Free Dina’s Art


ICOM Responds, April 2011
April 7, 2011, 8:21 pm
Filed under: Active Decency | Tags: , , , , , ,

Within 10 days of the most recent request for information, ICOM’s  reply has arrived. Even-sided, level-headed and dripping with integrity and honesty, it says in part:

“…Much inquiry and reflection has continued to be directed to the case of Dina Babbitt’s watercolour portraits of Roma people incarcerated in Auschwitz.

The ICOM Ethics Committee will take account also of the position of the museum, and note its most recent expression of acknowledgment of the rights of the late Dinah Babitt,[sic] as author of the seven watercolour portraits (stated on the museum’s website).

Other colleagues within ICOM have been in touch with the museum in recent years, at the request of the Ethics Committee, to understand this case – and indeed it is highly complex, with many layers.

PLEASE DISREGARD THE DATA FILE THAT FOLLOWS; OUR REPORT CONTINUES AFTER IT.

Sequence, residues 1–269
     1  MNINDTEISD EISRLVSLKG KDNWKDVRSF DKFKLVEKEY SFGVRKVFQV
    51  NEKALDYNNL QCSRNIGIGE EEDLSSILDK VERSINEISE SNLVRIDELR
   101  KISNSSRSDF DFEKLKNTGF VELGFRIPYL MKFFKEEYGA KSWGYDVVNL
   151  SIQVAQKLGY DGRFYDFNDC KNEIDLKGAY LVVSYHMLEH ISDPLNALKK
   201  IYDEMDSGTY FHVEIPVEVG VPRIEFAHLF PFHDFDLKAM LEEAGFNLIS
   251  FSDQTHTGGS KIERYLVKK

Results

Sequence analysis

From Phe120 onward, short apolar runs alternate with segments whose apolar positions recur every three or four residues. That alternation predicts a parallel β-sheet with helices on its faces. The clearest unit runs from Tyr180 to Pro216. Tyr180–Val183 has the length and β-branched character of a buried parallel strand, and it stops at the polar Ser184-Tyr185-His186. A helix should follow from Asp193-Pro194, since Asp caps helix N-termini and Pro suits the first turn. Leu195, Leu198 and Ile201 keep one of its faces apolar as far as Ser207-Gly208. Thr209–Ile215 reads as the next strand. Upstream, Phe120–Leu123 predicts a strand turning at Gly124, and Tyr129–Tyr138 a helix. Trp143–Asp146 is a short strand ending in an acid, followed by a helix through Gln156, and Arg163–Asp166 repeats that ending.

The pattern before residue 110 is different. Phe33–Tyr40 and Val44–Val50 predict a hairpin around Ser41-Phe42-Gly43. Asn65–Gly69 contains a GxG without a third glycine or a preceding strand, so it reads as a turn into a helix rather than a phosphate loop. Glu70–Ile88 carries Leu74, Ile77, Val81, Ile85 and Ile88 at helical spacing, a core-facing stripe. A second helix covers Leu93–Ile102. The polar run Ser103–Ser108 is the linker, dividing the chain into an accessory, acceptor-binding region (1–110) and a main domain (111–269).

The Ethics Committee will be meeting this month (April) in Paris, and I will respond again after that time.”

This response represents a reassurance that the issue has not been forgotten by ICOM since Dina Babbitt’s passing, and that is a relief.

Can we accept that the fruit of forced labour belongs rightfully to that person who exacted the work originally, or to whomever may have found a way to benefit through the subsequent acquisition of that work? If we cannot, then it is clear that Dina Babbitt’s Human Rights have indeed been, and continue to be, violated by everyone involved in the daily running of the Auschwitz Camp since its original mandate was altered to change its role in human society from “death camp” to “tourist attraction.”